"Green or Verde" is the operative word to describe this region. Green describes its unique characteristics associated with landscapes of virgin natural beauty, fertility and forests. Its untouched coastline – the Costa Verde, the almost timeless quaintness and hearty cuisine. Green also describes the local wine – Vinho Verde, that spritzy refreshing light wine that makes so much sense when drank here. Vinho Verde epitomises the gentle, fresh and invigorating nature of this land. It's an ideal accompaniment with fish, poultry and salad. Within The Minho, there are regional variations of this unique wine.
The people here are short in stature yet big in heart. Their hospitality is legendary, a welcoming smile is never far from their faces. Most tourists to this area tend to be Spanish on short visits who like to buy the local cloth and sample the local delicacies. Once confronted with English speakers the Minhotos' enthusiasm to practice their language skills is most gratifying.
In the west, the land is low-lying and dotted with old port towns that once gained their wealth from trade to the new worlds. The fish-filled rivers which bisect the land are bordered by vines that are still trained in high canopies. Popular now with canoeists and anglers, these rivers served as ancient trade routes which brought wealth to the attractive towns that cling to their banks. Follow the rivers upstream and you'll find more mountainous landscapes protected by the national parks of Parque Nacional do Alvão and Parque Nacional da Penda-Gerês. Both delight the eye with wooded valleys, majestic waterfalls, meadows and moorland, home to wolves and eagles.
Turbulent history is evident as elsewhere in Portugal in the guise of old castles and fortified towns, ancient ruins can be found from the bronze age, the Lusitania Celts, and the Romans. Here is the birthplace of Portugal and home to Portugal's first capital at Guimarães… "Aqui Nasceu Portugal".
Vinho Verde is a unique product, misunderstood by some but loved by many. Aromatic and spritzy, it is a delicious natural beverage. Medium in alcohol, Vinho Verde has great digestive properties due to its freshness, effervescence and balanced acidity. It is a highly regarded wine and best enjoyed served chilled for Summertime drinking. The malolactic fermentation gives it a distinctive taste and personality. The reds are full-bodied wines with an intense colour and a rosy or light red foam. The whites usually present a lemony or straw colour. The strong distinctive character and originality of these wines are the result of the region's soil and climate characteristics, social-economic elements, grape varieties and vine-growing methods.
CVRVV - Comissão do Viticultura de Região dos Vinho Verde. [Website]
When you visit the Minho, take your appetite with you, restaurant portions are as generous as the locals. That said, don't be embarrassed to ask for a "meia dose"… a half portion. The Minhotan restaurants are usually traditional in nature serving local cuisine and fresh local produce. The cuisine in the Minho reflects the landscapes found here. From the sea and rivers comes fish; Bacalhau, Lamprey and Shad are local delicacies. The ground gives forth ingredients for the delicious cornbread (broa de milho), the Cove Galega cabbage, the main ingredient for the Caldo Verde soup and an array of superb vegetables, fruit and salads.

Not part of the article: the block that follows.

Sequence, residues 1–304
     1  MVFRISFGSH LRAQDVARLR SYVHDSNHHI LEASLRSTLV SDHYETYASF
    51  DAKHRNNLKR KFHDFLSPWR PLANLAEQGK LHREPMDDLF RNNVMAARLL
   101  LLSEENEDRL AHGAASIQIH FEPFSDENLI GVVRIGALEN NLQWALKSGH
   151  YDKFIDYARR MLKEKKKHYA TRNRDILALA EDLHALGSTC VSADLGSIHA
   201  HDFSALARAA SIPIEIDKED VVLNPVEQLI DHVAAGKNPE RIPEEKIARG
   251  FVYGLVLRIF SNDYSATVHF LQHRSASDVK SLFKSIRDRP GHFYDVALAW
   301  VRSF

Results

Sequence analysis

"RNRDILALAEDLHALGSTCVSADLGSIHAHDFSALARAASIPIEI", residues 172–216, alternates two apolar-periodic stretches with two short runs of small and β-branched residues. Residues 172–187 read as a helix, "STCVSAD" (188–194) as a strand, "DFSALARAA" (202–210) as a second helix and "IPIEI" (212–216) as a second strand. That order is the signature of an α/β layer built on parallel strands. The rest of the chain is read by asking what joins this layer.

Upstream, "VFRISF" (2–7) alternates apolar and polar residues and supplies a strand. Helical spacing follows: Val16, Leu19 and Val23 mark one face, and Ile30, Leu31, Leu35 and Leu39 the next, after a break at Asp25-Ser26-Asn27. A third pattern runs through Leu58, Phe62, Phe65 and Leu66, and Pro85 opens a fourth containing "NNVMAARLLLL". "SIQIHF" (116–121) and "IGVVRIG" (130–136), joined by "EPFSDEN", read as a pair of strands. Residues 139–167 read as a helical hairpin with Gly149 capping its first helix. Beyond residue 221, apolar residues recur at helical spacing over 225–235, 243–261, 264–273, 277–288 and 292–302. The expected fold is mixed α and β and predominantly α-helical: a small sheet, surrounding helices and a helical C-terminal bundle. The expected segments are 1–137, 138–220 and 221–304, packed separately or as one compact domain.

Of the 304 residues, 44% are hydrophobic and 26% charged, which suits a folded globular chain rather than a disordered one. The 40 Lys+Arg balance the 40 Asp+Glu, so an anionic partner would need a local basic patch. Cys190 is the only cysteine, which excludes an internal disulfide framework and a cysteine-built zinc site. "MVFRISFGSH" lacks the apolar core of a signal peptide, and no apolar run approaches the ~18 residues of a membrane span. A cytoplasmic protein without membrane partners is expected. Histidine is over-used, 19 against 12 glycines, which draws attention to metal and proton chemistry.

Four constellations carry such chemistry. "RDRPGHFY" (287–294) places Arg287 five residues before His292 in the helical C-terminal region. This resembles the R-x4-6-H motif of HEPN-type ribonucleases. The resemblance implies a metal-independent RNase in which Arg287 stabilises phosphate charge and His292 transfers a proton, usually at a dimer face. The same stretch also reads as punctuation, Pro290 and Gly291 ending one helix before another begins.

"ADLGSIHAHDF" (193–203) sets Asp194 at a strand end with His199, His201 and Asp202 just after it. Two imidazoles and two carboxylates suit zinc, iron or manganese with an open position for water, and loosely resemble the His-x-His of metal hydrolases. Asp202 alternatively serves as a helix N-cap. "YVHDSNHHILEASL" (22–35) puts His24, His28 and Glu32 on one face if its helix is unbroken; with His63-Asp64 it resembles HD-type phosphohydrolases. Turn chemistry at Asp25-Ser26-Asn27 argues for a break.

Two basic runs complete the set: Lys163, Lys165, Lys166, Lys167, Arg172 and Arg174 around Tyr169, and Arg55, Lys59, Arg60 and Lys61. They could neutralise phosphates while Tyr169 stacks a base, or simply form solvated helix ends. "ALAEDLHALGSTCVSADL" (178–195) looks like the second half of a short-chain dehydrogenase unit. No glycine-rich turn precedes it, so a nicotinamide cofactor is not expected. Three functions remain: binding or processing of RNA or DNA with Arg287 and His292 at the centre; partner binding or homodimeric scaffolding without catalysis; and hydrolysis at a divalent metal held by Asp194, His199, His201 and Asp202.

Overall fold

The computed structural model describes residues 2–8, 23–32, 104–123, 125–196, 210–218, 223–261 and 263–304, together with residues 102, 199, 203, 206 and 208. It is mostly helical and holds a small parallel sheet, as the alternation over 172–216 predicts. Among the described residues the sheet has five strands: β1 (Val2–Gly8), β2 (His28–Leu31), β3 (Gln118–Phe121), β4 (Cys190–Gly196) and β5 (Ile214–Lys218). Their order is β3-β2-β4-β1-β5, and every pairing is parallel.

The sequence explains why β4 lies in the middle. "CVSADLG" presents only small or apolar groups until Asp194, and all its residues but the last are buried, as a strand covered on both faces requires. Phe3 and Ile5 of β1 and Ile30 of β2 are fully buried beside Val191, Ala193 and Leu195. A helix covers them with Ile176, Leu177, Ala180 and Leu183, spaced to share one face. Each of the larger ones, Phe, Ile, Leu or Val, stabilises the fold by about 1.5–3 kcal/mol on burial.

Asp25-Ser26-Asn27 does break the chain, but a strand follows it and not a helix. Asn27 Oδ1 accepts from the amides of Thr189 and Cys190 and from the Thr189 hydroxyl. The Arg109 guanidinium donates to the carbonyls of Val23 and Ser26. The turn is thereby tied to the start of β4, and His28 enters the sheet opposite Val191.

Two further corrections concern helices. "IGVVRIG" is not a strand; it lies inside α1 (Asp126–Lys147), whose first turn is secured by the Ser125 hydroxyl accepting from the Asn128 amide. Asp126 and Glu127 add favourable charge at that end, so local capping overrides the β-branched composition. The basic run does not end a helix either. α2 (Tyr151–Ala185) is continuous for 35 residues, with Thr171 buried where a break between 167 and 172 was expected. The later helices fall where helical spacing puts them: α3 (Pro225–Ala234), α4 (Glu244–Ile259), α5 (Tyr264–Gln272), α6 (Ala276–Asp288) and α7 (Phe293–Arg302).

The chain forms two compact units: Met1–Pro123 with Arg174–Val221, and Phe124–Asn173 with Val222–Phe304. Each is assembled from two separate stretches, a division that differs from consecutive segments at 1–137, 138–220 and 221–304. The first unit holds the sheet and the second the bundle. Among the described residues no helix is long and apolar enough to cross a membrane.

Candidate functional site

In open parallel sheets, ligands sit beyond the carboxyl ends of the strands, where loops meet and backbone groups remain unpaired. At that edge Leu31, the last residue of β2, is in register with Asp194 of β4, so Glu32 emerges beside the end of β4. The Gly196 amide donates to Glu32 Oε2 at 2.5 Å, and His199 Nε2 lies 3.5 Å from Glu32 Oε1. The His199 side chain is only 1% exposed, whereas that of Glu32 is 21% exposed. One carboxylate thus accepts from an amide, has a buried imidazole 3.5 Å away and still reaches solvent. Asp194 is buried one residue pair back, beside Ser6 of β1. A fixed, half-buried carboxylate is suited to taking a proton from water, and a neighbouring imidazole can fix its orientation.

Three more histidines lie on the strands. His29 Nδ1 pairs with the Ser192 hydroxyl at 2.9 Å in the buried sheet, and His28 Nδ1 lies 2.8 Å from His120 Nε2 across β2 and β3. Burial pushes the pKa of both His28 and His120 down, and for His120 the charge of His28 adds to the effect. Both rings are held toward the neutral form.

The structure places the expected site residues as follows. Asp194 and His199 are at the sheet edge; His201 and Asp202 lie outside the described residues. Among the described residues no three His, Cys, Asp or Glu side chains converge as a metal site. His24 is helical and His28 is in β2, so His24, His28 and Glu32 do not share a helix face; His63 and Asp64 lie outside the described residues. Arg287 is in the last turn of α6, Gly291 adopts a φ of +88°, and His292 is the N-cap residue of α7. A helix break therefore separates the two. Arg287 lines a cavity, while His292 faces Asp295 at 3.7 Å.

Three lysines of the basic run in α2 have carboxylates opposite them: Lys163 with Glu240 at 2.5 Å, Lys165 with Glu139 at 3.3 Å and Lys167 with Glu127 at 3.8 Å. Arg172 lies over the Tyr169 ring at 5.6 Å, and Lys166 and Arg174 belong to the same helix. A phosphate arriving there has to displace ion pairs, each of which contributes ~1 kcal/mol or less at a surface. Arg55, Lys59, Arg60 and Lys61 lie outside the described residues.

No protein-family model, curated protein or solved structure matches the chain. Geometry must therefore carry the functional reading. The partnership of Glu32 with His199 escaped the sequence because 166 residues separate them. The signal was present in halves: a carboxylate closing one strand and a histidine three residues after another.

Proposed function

Meat here is also prized, as in Porto offal is used in interesting ways, beef from the distinctive Arouquesa and Cachena long-horned cattle, kid from the Cabrito das Terras Altas do Minho goat, pork from the Bisaro pig and many other succulent types of meat obtained from free-ranging animals. Hams, Chouriços are also popular here and pulses are used to bulk out hearty stews. Minhotans also enjoy a sweet tooth and many towns have their own specialities, Arroz Doce, sweet rice pudding is believed to have originated here.
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After Lisbon airport Porto International is the second busiest airport in Portugal and has knocked Faro into third place. This is a reflection of Porto's rise to prominence both as a centre for commerce and as a tourist destination. Originally constructed in the 1940's the building has recently been modernised and boasts first class ammenities and transport links.
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Since joining the EU Portugal has seen a vast improvement in it's road network with the addition of fine motorway network which speedily take you from the major cities to the area you want to visit. In 2015, the country's road network was named as being the best in Europe and the second best in the world. For the more adventurous drivers there's plenty of more rural windy yet very scenic roads available such as the N222 which runs from Peso de Regua to Pinhao and has been voted as the top drive in the world.
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The North of Portugal, especially the Minho are well served by the Portuguese rail network. Porto's Urban trains go to Guimarães Timetable and Braga Timetable. Where as a Regional service (Linha do Minho) goes to Valença via Viana do Castelo and Caminha: